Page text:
Lee’s reflections on family life as seen by someone on the outside — ”Like a paradise,” he says. ”Kinda place that sorta kills ya inside. … Blonde people movin’ in and outta the rooms, talkin’ to each other. Kinda place you sort of wish you grew up in, ya know?” — give a bit of poignancy to his character.

Janis Stevens makes a brief appearance as the men’s mother. While this could have been a time for histrionics, her beaten-down, underplayed demeanor eloquently tells us all we need to know about what it was like to raise these two, and how many times she has had to referee their spats.

This is a play that is as compelling as the need to watch a train wreck as you see it coming. The characters will stay with you long after you leave the theater.

Comments

comments

.

News

Anti-gay initiative puts AG in a bind

By The Associated Press | From Page: A1

 
County supervisors consider options for historic courthouse

By Anne Ternus-Bellamy | From Page: A1 | Gallery

 
State loosens sex offender residency restrictions

By The Associated Press | From Page: A1

Two found dead in West Davis home

By Lauren Keene | From Page: A1 | Gallery

 
Need a new best friend?

By Enterprise staff | From Page: A3 | Gallery

Lawyer disputes police’s hoax claim in California kidnapping

By The Associated Press | From Page: A3

 
Empower Yolo offers peer counselor training

By Special to The Enterprise | From Page: A4

 
Davis Flower Arrangers meet Wednesday

By Enterprise staff | From Page: A4

Sign up for Camp Shakespeare

By Enterprise staff | From Page: A4

 
Sing along on April Fool’s Day

By Special to The Enterprise | From Page: A5

Neighbors invited to adopt Willow Creek Park

By Special to The Enterprise | From Page: A5

 
.

Forum

Can he get life back on track?

By Creators Syndicate | From Page: B5

 
Blame Reid for impasse

By Letters to the Editor | From Page: A7

 
Practice cancer prevention each day

By Special to The Enterprise | From Page: A7

Turnabout is fair play

By Letters to the Editor | From Page: A7

 
Be aware and be afraid

By Letters to the Editor | From Page: A7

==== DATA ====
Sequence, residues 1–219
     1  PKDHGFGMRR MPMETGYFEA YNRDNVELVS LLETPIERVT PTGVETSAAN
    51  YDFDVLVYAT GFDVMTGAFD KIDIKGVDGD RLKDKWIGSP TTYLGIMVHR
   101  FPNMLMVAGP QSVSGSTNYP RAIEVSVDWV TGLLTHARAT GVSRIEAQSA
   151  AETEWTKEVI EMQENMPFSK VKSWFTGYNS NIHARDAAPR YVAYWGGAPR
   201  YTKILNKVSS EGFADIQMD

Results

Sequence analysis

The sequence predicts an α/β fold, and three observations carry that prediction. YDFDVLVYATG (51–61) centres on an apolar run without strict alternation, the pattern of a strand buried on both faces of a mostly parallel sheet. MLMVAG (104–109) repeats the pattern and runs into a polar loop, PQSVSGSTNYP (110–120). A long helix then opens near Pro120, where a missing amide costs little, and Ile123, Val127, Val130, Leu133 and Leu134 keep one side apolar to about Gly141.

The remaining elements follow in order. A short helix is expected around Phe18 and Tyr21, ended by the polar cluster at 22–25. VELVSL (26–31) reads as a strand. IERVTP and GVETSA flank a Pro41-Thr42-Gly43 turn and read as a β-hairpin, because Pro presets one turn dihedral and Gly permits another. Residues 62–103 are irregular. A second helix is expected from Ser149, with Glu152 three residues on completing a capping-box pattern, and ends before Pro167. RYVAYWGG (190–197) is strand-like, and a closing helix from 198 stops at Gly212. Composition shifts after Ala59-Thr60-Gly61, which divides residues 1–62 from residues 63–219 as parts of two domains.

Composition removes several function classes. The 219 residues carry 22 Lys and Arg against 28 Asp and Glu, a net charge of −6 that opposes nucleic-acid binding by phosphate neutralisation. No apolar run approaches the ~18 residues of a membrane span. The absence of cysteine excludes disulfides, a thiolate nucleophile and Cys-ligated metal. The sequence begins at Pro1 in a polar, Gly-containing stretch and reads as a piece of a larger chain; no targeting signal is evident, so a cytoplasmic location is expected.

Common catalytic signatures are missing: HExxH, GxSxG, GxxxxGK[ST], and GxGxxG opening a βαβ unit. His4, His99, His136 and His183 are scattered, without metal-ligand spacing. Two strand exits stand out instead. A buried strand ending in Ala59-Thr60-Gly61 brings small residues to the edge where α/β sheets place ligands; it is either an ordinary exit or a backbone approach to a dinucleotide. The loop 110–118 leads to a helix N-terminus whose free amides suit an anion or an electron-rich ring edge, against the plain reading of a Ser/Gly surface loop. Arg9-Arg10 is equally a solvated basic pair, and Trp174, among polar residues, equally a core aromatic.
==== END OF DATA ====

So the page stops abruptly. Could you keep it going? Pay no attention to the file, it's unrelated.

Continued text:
.

Sports

UCD men edge Hawaii on the court

By Enterprise staff | From Page: B1

 
UCD’s Hawkins, Harris to shoot at Final Four

By Enterprise staff | From Page: B1 | Gallery

Home sweet home: Aggie women win a tennis match

By Enterprise staff | From Page: B1

 
Devil boys grind out a net win at Franklin

By Enterprise staff | From Page: B1

DHS baseballers fall to Vintage in eight innings

By Enterprise staff | From Page: B1

 
DYSA roundup: Recent youth softball games feature big hitting

By Enterprise staff | From Page: B2 | Gallery

Sacramento get its second straight win

By The Associated Press | From Page: B2

 
Sharks get a key win over Detroit

By The Associated Press | From Page: B10 | Gallery

 
.

Features

.

Arts

UCD Student Fashion Association presents charity fashion show

By Special to The Enterprise | From Page: A3

 
‘Get Hard’ comes across as rather limp

By Derrick Bang | From Page: A8 | Gallery

Monticello announces April live-music shows

By Enterprise staff | From Page: A9

 
Leonardo Tuchman’s work shows at UC Davis Craft Center Gallery

By Special to The Enterprise | From Page: A9

Sacramento Youth Symphony holding open auditions

By Special to The Enterprise | From Page: A9

 
Preview Art Studio Tour participants’ work at The Artery

By Enterprise staff | From Page: A9 | Gallery

Smokey Brights to perform at Sophia’s

By Enterprise staff | From Page: A9

 
‘Deserted Destinations’ is April exhibit at Gallery 625

By Special to The Enterprise | From Page: A9 | Gallery

.

Business

Camry Hybrid takes a step forward

By Ann M. Job | From Page: B3

 
.

Obituaries

Celebrate Rusty Jordan’s Life

By Creator | From Page: A4

 
.

Comics

Comics: Friday, March 27, 2015

By Creator | From Page: B4